Civil servants question honesty of private partners – and each other

CSW survey finds two-thirds of officials struggle to find common ground with other government departments
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Civil servants consider commercial partners to be the least honest organisations they work with, according to a new survey by CSW – in which more than two-thirds of officials also said they struggle to find common ground with other government departments. 

The first annual CSW trust survey polled civil servants across 15 departments and government agencies about their experience working with seven types of organisations: local government; commercial partners; the voluntary and community sector; academia; wider public service; non-departmental public bodies and executive agencies; and other government departments. 

Of the 430 people surveyed, fewer than half said they deem private sector partners to be “open and honest”. However, other government departments fared little better, with only 53% of respondents attributing these qualities to their colleagues in other ministries. 

Academia was seen as the most honest sector (76%), followed by wider public service (72%), the voluntary sector (69%), local government (68%), and NDPBs and agencies (65%). 

Commercial organisations also scored the lowest in CSW’s overall trust rating – calculated by averaging out the percentage of survey respondents who agreed with five positive statements about the partner organisations they work with. The higher the score, the more likely it is that civil servants feel able to build strong partnerships with those organisations. 

Civil servants were asked whether they find it easy to work with colleagues in each given sector; if they believe them to be open and honest; if they are able to find common ground and goals with them; if they share common values; and if the people in the sector are reliable.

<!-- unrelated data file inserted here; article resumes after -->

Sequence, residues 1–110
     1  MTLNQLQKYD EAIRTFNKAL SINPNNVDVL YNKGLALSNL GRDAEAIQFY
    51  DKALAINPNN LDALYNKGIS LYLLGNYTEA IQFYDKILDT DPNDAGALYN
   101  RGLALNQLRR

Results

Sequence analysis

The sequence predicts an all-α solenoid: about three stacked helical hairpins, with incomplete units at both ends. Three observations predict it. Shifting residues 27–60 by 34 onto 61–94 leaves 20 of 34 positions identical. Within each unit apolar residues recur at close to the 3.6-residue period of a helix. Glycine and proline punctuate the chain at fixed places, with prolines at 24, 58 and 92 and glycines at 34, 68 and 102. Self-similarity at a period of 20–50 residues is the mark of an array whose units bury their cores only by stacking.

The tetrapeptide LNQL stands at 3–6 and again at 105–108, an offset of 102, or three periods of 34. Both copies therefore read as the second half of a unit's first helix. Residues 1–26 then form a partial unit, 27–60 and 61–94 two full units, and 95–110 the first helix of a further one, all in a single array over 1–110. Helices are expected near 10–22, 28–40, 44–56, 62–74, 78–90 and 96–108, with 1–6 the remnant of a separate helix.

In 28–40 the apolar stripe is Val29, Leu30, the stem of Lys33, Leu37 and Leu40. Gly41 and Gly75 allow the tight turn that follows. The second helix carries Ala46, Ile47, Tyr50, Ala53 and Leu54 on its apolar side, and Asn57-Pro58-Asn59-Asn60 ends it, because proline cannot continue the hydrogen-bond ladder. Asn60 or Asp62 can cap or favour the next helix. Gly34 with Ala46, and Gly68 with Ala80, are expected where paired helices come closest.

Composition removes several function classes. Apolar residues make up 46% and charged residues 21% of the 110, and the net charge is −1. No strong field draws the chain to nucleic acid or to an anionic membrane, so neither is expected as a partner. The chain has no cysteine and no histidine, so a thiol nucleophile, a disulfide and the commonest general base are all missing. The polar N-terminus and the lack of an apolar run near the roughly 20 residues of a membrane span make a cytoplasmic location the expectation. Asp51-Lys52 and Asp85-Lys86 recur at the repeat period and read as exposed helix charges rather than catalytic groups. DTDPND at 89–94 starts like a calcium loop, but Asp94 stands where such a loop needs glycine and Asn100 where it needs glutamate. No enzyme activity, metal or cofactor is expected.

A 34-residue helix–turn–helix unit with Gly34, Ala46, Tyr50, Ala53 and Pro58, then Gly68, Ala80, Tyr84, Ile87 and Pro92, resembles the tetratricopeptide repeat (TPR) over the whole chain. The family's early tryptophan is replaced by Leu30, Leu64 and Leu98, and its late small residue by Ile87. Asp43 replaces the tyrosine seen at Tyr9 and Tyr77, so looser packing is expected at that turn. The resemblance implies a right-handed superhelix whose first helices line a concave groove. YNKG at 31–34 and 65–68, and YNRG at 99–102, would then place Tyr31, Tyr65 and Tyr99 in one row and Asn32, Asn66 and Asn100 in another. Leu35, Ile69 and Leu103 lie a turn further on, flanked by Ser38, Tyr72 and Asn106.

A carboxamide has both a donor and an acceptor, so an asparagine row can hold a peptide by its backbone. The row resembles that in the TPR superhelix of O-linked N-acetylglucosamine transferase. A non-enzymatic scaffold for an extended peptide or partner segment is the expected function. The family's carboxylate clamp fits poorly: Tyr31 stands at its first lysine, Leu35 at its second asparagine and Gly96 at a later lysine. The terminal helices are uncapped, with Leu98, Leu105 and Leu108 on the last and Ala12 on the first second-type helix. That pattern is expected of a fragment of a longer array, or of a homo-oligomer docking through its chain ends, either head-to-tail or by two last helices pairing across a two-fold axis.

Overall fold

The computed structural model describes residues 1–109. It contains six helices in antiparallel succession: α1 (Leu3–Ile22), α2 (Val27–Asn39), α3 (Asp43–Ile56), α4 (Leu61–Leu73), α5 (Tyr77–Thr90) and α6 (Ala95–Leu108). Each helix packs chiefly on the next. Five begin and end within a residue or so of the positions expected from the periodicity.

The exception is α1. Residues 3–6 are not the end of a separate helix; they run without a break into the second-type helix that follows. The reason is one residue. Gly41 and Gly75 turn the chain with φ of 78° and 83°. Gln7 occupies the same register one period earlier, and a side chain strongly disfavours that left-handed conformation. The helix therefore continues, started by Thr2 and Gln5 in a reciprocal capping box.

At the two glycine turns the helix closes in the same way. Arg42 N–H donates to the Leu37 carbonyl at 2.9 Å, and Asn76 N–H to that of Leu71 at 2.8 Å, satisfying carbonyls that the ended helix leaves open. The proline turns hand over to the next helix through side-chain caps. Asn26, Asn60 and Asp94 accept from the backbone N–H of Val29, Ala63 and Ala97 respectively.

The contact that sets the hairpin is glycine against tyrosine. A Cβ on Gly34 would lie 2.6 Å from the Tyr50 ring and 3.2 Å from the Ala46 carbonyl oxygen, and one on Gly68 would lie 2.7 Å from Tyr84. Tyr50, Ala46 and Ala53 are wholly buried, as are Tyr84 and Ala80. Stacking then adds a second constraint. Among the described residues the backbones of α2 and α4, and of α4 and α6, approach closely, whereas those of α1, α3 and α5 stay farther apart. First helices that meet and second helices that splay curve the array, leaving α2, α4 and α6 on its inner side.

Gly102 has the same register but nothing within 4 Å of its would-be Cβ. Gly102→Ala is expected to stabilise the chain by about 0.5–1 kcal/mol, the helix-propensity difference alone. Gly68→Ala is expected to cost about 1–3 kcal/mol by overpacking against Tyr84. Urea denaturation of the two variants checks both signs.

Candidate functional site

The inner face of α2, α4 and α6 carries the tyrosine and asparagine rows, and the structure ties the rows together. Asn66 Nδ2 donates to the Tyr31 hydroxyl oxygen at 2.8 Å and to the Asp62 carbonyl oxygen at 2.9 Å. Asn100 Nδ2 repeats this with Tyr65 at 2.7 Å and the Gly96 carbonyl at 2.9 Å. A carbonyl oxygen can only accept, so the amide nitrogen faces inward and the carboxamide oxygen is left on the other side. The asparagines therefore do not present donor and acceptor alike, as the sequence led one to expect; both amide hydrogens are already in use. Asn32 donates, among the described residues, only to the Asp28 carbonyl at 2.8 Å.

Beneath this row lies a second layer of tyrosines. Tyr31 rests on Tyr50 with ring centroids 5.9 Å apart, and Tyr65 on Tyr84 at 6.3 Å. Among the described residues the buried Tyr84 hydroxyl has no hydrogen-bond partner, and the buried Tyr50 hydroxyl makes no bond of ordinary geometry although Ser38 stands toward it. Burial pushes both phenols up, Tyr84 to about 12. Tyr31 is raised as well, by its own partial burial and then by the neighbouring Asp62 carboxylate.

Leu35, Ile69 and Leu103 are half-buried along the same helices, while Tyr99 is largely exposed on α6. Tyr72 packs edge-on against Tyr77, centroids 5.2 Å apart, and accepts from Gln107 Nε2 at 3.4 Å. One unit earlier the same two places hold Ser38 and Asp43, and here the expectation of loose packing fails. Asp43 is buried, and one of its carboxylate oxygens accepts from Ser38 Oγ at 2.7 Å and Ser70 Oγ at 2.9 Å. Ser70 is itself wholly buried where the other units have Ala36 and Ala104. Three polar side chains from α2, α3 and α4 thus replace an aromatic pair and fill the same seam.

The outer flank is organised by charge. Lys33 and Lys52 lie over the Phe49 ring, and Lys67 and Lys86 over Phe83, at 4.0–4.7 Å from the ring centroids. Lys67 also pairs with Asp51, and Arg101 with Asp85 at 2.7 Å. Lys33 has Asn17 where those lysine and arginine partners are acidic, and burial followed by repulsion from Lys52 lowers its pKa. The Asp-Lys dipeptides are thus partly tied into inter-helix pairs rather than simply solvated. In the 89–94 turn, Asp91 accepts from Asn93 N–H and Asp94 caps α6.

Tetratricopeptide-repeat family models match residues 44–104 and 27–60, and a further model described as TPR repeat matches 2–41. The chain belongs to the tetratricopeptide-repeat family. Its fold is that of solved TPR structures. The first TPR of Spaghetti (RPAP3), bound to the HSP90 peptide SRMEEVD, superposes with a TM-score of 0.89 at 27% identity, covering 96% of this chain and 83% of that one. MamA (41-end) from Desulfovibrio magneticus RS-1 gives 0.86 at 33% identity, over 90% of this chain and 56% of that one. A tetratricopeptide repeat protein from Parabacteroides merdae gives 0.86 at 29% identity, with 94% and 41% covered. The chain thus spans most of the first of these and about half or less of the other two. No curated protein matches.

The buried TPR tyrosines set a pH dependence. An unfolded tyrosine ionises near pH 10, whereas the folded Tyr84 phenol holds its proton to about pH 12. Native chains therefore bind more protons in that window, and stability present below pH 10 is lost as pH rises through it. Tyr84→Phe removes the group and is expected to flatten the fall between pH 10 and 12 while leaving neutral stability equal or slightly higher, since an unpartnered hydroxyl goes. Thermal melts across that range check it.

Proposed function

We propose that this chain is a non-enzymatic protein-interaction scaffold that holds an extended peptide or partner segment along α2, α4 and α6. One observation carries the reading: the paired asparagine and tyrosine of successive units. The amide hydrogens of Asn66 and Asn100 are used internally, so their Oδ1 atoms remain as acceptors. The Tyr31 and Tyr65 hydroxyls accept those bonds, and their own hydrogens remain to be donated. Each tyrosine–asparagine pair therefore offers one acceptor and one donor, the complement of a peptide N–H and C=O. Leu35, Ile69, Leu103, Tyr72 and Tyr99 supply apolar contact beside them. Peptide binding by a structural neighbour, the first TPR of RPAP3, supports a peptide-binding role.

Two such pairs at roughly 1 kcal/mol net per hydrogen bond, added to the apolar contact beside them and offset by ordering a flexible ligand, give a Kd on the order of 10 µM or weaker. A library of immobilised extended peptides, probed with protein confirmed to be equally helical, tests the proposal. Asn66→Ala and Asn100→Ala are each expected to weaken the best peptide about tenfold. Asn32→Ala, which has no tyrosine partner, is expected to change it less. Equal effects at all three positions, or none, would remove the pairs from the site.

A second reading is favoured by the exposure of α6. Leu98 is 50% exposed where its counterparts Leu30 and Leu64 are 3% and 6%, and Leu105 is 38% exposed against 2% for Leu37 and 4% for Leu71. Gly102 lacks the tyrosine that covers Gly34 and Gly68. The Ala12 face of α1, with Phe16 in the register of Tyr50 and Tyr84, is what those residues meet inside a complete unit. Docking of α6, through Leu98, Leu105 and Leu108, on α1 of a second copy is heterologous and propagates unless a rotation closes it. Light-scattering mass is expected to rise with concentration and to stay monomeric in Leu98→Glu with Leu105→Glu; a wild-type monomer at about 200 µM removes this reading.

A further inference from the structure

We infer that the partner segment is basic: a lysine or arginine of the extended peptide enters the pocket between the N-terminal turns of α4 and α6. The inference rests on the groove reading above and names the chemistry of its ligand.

The wider public service – which includes schools, healthcare providers – got the highest overall trust rating of 74%, closely followed by academia (71%) and the voluntary sector (70%). 

However, these were also the areas our survey respondents were least likely to work with – with one in five or fewer saying they have partners in these sectors. 

By contrast, four in five respondents said they work with other government departments – which scored a trust rating of 69%. 

Just over two in five work with the lowest-scoring sectors – commercial partners, which chalked up a trust rating of 58%, and NDPBs, which scored 60%. 

CSW also asked civil servants to share the biggest barriers to collaboration with different partners. 

In every case, at least half the respondents said a lack of understanding around how the different organisations work impedes collaboration. This was especially the case with local government and the voluntary sector. 

Different organisational or professional cultures was another commonly cited stumbling block – particularly when working with academia, local government and NDPBs and agencies. 

Just over half the people working with commercial partners and wider public bodies cited different budgeting or approval systems as a hurdle. 

While respondents were most likely to cite misaligned objectives – or the perception of such – when talking about commercial partners, fewer people (40%) said they have encountered this barrier to working with businesses compared to the other issues raised in the survey. 

The majority of survey respondents said they can find common ground and goals when working with each type of organisation. However, respondents were least likely to find common ground with other government departments – with just 68% agreeing with this statement, compared to the wider public sector, which came out on top with 81%. 

And only 62% of respondents said they believe partners in other government departments to share their values – scoring higher only than commercial partners, at 47%. By contrast, around three-quarters of respondents said they shared common values with the voluntary sector (76%), wider public service (75%) and NDPBs (71%). 

Government departments also scored the lowest for reliability – with just 58% of those who answered the survey saying they believed the people they worked with in other ministries to be reliable. Commercial partners scored only slightly higher, with 62% of respondents finding their counterparts reliable – compared with 71% saying the same about the wider public sector. 

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